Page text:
Food & Water Watch just won a major court victory against factory farm pollution. The federal Ninth Circuit Court of Appeals has ruled that the Environmental Protection Agency’s statewide Clean Water Act permit for Idaho CAFOs (concentrated animal feeding operations, or factory farms) illegally let these CAFOs off the hook for water pollution monitoring.
EPA Loopholes Have Shielded Factory Farm Pollution From the Public
The federal Clean Water Act is supposed to protect our waterways, keeping them safe for recreation and wildlife. It does this is by requiring polluters — including CAFOs — to follow strict discharge permits that limit pollution.
These permits don’t work on an honor system; permitted facilities must show their work by testing their discharges. They also need to create publicly available monitoring reports that demonstrate whether they’re meeting permit limits.
If a facility violates its permit, citizens and regulators can use the self-reported monitoring information to enforce the law. Monitoring is crucial to holding polluters accountable and cleaning up our rivers and streams.
Despite this, the EPA and states have issued permits to factory farms that leave monitoring out entirely. These permits assume that if a factory farm adopts certain practices to manage its waste, it will meet permit requirements.
That approach wouldn’t pass the laugh test with wastewater treatment plants and factories. We’ve known for years that it’s just as illegal for CAFOs, which discharge pharmaceuticals, pathogens, heavy metals, and nutrients that cause deadly algal blooms into our waterways.
Striking a Blow Against EPA’s Special Treatment for the Factory Farm Industry
When the EPA issued a permit for Idaho CAFOs that again left out monitoring, we joined Snake River Waterkeeper and Earthrise Law Center to take the agency to court. The Idaho permit provided a unique and strategic opportunity to bring our case in federal court. That’s because states — not the EPA — issue most Clean Water Act permits, and challenges go to the less favorable state courts.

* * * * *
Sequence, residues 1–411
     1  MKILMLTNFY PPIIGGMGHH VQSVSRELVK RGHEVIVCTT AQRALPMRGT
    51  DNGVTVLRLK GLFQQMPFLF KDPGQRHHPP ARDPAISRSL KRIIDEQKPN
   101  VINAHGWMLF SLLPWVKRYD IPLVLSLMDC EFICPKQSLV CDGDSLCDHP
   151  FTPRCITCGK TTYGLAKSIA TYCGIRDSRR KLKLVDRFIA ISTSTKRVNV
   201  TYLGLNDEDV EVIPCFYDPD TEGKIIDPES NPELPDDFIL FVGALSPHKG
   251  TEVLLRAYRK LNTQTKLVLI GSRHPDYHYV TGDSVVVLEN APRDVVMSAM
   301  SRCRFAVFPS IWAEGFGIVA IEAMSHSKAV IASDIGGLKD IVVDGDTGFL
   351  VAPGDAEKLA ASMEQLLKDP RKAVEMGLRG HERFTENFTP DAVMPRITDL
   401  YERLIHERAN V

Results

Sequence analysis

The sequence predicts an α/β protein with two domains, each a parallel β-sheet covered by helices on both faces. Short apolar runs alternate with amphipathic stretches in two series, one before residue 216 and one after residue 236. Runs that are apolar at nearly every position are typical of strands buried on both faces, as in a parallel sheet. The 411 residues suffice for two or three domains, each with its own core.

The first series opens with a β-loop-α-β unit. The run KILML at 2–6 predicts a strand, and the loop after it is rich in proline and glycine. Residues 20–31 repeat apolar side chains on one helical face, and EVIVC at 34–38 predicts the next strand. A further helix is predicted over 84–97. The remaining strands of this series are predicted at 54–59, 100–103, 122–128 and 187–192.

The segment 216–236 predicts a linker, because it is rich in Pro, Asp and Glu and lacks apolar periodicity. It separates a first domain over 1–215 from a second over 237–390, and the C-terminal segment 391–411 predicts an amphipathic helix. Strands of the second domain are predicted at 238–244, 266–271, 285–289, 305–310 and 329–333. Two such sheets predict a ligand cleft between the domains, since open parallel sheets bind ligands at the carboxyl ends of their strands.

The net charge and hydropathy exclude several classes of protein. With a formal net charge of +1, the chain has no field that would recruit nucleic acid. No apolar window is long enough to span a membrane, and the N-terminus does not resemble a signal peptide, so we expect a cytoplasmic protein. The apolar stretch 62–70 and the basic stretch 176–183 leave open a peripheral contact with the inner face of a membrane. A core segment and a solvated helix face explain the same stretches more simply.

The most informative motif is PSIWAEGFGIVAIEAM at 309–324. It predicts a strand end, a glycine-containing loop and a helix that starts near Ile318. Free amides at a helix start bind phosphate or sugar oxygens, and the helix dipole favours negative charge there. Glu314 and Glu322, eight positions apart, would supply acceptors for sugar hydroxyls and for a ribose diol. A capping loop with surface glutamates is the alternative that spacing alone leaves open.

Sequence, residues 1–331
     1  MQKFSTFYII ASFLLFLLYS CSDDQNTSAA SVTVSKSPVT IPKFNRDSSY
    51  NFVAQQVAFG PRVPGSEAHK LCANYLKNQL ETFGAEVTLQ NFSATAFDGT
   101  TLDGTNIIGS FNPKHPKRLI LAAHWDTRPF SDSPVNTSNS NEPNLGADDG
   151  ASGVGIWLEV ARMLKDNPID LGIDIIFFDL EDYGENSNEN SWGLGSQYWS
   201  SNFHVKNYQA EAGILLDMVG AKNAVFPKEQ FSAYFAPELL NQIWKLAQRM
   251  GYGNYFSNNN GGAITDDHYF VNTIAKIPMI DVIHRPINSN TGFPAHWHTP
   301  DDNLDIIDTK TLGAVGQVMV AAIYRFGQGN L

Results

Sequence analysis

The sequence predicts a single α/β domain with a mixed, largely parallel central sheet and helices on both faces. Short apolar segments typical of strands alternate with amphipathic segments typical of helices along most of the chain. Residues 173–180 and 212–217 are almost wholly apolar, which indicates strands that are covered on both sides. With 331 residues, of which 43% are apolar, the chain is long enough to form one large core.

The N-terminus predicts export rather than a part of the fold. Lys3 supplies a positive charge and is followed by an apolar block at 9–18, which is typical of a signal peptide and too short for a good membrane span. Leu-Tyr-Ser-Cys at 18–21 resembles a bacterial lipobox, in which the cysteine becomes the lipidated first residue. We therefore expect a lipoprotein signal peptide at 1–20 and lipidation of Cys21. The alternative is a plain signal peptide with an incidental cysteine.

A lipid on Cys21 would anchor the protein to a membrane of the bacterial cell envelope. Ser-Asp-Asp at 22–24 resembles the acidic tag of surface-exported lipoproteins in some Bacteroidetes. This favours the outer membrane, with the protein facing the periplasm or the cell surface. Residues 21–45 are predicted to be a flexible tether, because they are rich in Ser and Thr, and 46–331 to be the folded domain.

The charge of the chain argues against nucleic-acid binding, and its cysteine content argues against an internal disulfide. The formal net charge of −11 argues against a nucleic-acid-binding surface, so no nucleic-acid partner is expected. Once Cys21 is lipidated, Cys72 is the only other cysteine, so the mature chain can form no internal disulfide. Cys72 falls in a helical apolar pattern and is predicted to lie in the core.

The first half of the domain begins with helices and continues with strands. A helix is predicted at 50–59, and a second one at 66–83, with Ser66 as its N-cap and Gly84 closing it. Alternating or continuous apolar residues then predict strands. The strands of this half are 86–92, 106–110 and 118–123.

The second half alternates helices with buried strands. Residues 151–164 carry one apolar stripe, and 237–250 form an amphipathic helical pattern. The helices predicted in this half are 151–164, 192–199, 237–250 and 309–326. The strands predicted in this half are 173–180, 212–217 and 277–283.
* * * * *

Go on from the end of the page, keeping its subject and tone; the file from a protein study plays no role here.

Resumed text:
Our strategy paid off. The Ninth Circuit judges struck down the EPA’s permit as unlawful. They recognized that Idaho CAFOs are a significant source of water pollution, as farmers commonly apply CAFO waste to fields and CAFO manure lagoons may leak waste into waterways.
The Ninth Circuit also agreed that the Idaho permit didn’t contain the monitoring that we need. Such monitoring would alert us if a factory farm isn’t complying with the Clean Water Act or if it’s illegally polluting.
This Win Against Factory Farm Pollution Doesn’t Stop in Idaho
This ruling means that polluting factory farms in Idaho must now comprehensively monitor and report their waste discharges and water pollution for the first time.
But even more importantly, the Ninth Circuit set a precedent that applies to everywhere factory farm permits take the same illegal approach as Idaho’s. And that’s essentially nationwide.
We will work across the country to ensure that this win impacts farm farm regulations going forward.
Factory farms are a large and growing source of water pollution in Idaho and across the country. But without pollution monitoring, they have polluted at will and hidden this pollution from citizens and regulators.
This victory is a critical first step toward holding factory farms accountable for illegal pollution. It also stands to make accessible the information we need to not only enforce the law and advocate for stronger pollution regulation, but also to make the case to ban factory farms altogether.
Finally, the decision struck a major blow against the EPA’s practice of granting illegal exceptions and special treatment to the factory farm industry. Moving forward, we’ll work to make sure it’s the first of many.
Smart legal work like this is a part of our strategy to save our planet. Will you chip in?